From the desks of the Hotel News Now editorial staff:
- Hotel jobs in DC not keeping up with tourism growth
- Airbnb pushes hosts to be more like hotels
- Marriott still sees growth potential for full-service hotels
- UK business groups ask for a softer Brexit
- Four killed in attack on Mali luxury resort
Hotel jobs in D.C. not keeping up with tourism growth: Washington, D.C., saw a record amount of foot traffic in 2016, the Washington Post reports, but hiring at hotels has remained relatively flat for 20 years. Data from the U.S. Bureau of Labor Statistics show the hotel industry’s share of the local job market actually has been declining, dropping from 1.9% of employed individuals in 1990 to 1.6% this year.
The popularity of limited-service hotels means fewer busboys, doormen and foot runners, the article states, and other job functions are being replaced by apps and websites.
“There are places where you can walk into and out of a hotel without ever having to interact with a human being anymore,” Mark White, an economist at George Mason who studies the local job market, told the Washington Post.
Airbnb pushes hosts to be more like hotels: As Airbnb looks to further expand its footprint, the New York Times reports the company has taken efforts to encourage its hosts to start acting more like hotels. Travelers who are used to hotels want to be able to make a reservation without needing to receive the owners’ permission, they expect fresh linens, they expect privacy and they expect hosts to act like hotel staff, the Times reports.
To meet these expectations, Airbnb has created new tools and policies for its hosts, who are not obligated to follow them as they are not full-time employees, but “interviews with more than two dozen hosts showed that many felt pressured to comply."
Airbnb’s chief executive, Brian Chesky, has been a driving force for these changes, the Times reports, and said the company wants to venture into many different fields. But to get there, “Airbnb needs to provide guests with a reliable experience. That has been a challenge, given the idiosyncrasies of hosts.”
Marriott still sees growth potential for full-service hotels: Noah Silverman, chief development officer for full service in North America at Marriott International, sat with HNN’s Sean McCracken at the NYU International Hospitality Industry Investment Conference in a video interview about the company’s plans for growing its full-service footprint.
“While there’s certainly some, I think, traditional full-service hotels maybe where the interest level among the development community has declined over the years—that kind of traditional, full service, 300-room, suburban hotel with 25,000 square feet of meeting space—the interest in those hotels has ceded to select service in those markets,” he said. “We’re still seeing a lot of interest and activity within the full-service space.”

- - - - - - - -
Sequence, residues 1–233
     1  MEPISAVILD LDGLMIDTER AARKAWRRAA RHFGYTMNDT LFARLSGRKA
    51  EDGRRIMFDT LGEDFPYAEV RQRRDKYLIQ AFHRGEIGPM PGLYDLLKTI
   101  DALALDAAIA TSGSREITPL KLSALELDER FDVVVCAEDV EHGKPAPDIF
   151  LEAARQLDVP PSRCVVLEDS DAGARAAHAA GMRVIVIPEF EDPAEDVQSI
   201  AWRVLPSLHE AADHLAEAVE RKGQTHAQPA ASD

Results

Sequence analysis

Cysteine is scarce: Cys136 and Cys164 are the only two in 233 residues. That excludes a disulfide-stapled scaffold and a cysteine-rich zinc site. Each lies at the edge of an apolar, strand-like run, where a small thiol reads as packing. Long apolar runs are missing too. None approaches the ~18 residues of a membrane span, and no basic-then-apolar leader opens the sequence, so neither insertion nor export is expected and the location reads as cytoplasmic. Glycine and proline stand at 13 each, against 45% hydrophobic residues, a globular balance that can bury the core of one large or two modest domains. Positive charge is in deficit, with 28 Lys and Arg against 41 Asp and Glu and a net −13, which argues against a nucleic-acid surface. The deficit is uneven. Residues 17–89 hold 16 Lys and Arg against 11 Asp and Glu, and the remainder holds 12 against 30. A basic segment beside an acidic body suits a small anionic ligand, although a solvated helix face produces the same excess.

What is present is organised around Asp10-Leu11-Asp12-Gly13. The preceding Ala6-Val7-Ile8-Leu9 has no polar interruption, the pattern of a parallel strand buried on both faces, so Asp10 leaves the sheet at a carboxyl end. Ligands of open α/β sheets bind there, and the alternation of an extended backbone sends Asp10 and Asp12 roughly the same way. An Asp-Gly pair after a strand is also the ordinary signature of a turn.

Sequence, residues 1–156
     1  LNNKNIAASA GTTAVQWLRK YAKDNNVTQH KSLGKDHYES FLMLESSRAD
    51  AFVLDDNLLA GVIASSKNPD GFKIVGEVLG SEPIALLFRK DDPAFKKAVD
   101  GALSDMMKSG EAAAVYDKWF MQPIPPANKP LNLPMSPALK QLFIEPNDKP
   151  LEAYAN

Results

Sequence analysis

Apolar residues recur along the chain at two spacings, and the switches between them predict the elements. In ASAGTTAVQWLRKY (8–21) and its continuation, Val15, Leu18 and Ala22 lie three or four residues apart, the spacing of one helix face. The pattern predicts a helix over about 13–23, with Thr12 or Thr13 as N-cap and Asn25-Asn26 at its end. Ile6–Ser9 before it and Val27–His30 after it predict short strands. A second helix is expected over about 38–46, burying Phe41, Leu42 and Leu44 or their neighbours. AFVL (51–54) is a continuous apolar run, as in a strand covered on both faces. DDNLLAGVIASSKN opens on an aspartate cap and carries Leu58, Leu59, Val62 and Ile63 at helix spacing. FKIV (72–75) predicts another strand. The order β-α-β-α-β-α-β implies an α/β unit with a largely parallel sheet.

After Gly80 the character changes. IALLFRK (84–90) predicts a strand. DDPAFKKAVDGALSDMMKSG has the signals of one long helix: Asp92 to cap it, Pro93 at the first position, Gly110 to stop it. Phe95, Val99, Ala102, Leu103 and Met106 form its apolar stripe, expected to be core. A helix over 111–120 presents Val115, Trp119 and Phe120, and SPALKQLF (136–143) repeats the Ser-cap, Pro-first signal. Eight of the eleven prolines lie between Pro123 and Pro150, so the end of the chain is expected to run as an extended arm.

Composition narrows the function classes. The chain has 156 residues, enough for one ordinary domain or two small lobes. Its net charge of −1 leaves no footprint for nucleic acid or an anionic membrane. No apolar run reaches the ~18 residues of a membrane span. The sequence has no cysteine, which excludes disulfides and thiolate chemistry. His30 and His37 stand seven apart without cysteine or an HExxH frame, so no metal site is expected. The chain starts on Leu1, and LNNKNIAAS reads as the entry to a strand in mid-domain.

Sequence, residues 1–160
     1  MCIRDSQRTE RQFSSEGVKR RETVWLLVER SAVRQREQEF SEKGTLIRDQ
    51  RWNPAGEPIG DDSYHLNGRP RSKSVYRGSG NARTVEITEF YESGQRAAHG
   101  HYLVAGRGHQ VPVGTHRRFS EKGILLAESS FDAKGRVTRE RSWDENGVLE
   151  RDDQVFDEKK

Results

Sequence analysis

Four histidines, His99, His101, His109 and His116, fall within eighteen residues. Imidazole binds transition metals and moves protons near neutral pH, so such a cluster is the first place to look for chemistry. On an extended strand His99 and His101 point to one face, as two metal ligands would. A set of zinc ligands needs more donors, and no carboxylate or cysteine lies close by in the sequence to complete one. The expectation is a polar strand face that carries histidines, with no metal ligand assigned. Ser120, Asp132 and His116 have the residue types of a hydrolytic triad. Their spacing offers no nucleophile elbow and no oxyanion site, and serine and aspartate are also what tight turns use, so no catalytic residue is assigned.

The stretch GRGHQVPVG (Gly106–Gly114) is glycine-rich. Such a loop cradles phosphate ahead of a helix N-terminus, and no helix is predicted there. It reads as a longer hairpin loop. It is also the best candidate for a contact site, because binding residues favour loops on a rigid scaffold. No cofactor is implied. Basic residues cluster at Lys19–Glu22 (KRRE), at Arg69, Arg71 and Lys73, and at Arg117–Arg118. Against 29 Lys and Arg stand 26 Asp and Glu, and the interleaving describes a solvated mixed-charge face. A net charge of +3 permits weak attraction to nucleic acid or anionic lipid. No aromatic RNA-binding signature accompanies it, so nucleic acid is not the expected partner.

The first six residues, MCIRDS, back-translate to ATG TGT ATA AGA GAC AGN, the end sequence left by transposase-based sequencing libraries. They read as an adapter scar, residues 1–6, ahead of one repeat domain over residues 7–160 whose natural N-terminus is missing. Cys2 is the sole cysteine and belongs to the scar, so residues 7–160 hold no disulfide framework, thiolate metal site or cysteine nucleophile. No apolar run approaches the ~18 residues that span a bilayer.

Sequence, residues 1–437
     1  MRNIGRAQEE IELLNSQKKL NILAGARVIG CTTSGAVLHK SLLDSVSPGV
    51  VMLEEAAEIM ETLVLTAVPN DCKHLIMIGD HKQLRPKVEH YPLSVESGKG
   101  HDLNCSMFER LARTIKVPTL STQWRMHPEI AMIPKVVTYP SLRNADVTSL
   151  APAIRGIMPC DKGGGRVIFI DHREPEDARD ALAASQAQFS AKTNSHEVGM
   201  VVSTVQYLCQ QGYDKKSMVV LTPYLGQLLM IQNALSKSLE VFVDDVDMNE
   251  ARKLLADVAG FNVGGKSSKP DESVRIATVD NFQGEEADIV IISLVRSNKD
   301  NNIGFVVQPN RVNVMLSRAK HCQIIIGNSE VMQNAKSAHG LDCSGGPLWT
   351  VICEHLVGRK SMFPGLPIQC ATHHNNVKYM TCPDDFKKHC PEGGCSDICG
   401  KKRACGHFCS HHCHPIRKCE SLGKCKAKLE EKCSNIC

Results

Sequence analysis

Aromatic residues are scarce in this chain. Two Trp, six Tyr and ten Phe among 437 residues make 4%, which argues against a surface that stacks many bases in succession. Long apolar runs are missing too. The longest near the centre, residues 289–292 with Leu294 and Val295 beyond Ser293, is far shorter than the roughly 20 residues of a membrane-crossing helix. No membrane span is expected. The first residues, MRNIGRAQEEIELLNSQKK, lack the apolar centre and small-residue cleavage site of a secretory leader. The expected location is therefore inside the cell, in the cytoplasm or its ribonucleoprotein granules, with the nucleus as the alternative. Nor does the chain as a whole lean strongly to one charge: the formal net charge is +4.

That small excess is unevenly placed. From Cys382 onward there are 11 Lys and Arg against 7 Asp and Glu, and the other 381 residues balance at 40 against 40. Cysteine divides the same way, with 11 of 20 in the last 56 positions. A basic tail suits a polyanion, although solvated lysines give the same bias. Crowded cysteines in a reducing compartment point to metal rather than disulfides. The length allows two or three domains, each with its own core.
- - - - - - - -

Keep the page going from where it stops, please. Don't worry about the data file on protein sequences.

U.K. business groups ask for a softer Brexit: Five business associations from the United Kingdom sent a letter to Business Secretary Greg Clark asking for continued access to the European single market until the country completes its negotiations with the European Union, the BBC reports.
The letter touts the “economic benefits” of the EU’s single market and its “free movement of goods, services, capital and people, and the customs union, which enables tariff-free trading within the EU” and asks that they continue until the new plan is in place.
“We have come together to urge the government to put the economy first as it prepares to start formal negotiations,” the article reports the letter as stating. “This is a deal that when finally agreed will matter fundamentally for the UK economy, for UK companies and for citizens of the UK.”
Four killed in attack on Mali luxury resort: In an attack on Le Campement Kangaba, a luxury resort in Dougourakoro, Mali, left four people dead and one person still missing, Reuters reports. Security forces rescued 36 residents, including 13 French citizens, and continue to search for the missing person.
“I am tired, shocked. I have no other words to say,” resort owner Manou Morgane, a French national, told Reuters TV. “All I want to do is to see the list of my clients. I want to find them (anyone missing).”
Compiled by Bryan Wroten.